War crimes court seeks Afghanistan conflict investigation
The prosecutor of the International Criminal Court (ICC) is seeking a formal investigation into alleged war crimes committed in Afghanistan.
In a statement, Fatou Bensouda said "there is a reasonable basis to believe that war crimes and crimes against humanity have been committed".
The actions of the Taliban, the Afghan government and US troops since May 2003 are expected to be examined.
It follows a preliminary investigation that has lasted more than a decade.
That investigation has examined crimes including intentional attacks against civilians, imprisonment and extra-judicial executions.
"Following a meticulous preliminary examination of the situation, I have come to the conclusion that all legal criteria required to commence an investigation have been met", Ms Bensouda said.
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She has asked the International Criminal Court's judges for permission to open the formal investigation. If that request is granted, it would represent the first time US nationals could be held criminally accountable for alleged war crimes committed in Afghanistan.
Fatou Bensouda will be able to investigate the allegations despite the US not being a member of the ICC. This is because Afghanistan is a member, and the court's jurisdiction covers crimes committed on any member state's territory regardless of the nationality of the perpetrator.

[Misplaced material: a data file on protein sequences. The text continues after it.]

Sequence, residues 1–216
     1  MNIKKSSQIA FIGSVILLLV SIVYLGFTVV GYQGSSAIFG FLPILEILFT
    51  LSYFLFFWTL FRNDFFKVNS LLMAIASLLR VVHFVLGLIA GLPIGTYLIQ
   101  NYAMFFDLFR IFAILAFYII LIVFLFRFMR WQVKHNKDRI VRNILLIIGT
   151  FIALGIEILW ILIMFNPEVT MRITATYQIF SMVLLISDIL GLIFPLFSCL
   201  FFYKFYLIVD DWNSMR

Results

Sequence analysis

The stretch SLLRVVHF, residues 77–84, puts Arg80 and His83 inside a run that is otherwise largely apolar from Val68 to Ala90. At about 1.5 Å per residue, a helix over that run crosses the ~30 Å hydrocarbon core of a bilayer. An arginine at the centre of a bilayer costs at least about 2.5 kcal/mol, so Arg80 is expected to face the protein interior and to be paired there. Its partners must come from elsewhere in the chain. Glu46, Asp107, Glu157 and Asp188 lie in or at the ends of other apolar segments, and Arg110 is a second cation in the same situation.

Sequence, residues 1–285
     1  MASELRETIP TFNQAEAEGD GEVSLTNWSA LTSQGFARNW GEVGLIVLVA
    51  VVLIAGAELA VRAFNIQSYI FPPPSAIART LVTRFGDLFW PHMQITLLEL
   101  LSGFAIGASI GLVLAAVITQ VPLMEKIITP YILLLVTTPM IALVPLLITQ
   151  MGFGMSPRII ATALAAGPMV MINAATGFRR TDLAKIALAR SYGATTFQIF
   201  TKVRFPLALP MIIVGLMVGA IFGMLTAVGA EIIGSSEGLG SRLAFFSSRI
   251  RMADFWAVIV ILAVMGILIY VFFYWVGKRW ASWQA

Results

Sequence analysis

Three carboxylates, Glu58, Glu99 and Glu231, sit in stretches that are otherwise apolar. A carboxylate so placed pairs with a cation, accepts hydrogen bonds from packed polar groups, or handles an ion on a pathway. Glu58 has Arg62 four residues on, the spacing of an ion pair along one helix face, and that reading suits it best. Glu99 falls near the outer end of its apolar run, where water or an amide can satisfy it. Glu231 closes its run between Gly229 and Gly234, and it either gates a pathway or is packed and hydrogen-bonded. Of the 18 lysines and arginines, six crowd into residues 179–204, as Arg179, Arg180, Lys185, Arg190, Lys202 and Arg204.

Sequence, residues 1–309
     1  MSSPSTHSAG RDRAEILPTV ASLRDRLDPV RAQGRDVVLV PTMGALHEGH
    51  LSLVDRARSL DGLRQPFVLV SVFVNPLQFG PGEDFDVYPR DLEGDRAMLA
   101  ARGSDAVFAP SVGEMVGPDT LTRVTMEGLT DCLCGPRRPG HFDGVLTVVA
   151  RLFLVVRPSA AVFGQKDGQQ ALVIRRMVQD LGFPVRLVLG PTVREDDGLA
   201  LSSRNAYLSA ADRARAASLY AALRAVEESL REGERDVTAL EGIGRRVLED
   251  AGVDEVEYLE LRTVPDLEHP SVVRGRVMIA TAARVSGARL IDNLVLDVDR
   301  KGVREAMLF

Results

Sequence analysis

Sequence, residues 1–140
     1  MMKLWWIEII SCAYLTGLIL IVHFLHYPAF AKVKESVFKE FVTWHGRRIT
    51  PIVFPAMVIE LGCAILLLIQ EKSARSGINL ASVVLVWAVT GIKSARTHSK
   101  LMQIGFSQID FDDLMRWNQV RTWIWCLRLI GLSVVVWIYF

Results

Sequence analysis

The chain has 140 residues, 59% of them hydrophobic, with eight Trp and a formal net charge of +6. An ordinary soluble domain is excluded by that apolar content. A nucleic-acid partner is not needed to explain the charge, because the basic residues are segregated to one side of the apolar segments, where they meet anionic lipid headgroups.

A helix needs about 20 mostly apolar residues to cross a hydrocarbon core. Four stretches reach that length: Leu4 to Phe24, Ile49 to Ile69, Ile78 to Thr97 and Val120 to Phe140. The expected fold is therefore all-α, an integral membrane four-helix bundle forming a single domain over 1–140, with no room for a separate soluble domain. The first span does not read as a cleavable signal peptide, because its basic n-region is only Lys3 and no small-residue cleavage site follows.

Ms Bensouda said if the investigation was approved, it would also focus on "war crimes closely linked to the situation in Afghanistan allegedly committed since 1 July 2002" in other countries.
The move has been welcomed by Human Rights Watch. A spokesman for the group said: "Having documented egregious crimes in Afghanistan that have gone unpunished over many years, we hope this step will open a path to justice for countless victims there."
A 2016 report from the ICC said there was a reasonable basis to believe the US military had committed torture at secret detention sites in Afghanistan operated by the CIA.
The report also said it was reasonable to believe the Afghan government and the Taliban had committed war crimes.
Speaking to the BBC in July, Ms Bensouda said she was "looking at allegations from all parties" involved in the Afghanistan conflict.
She added that she was acting with the "utmost impartiality and independence" in the investigation.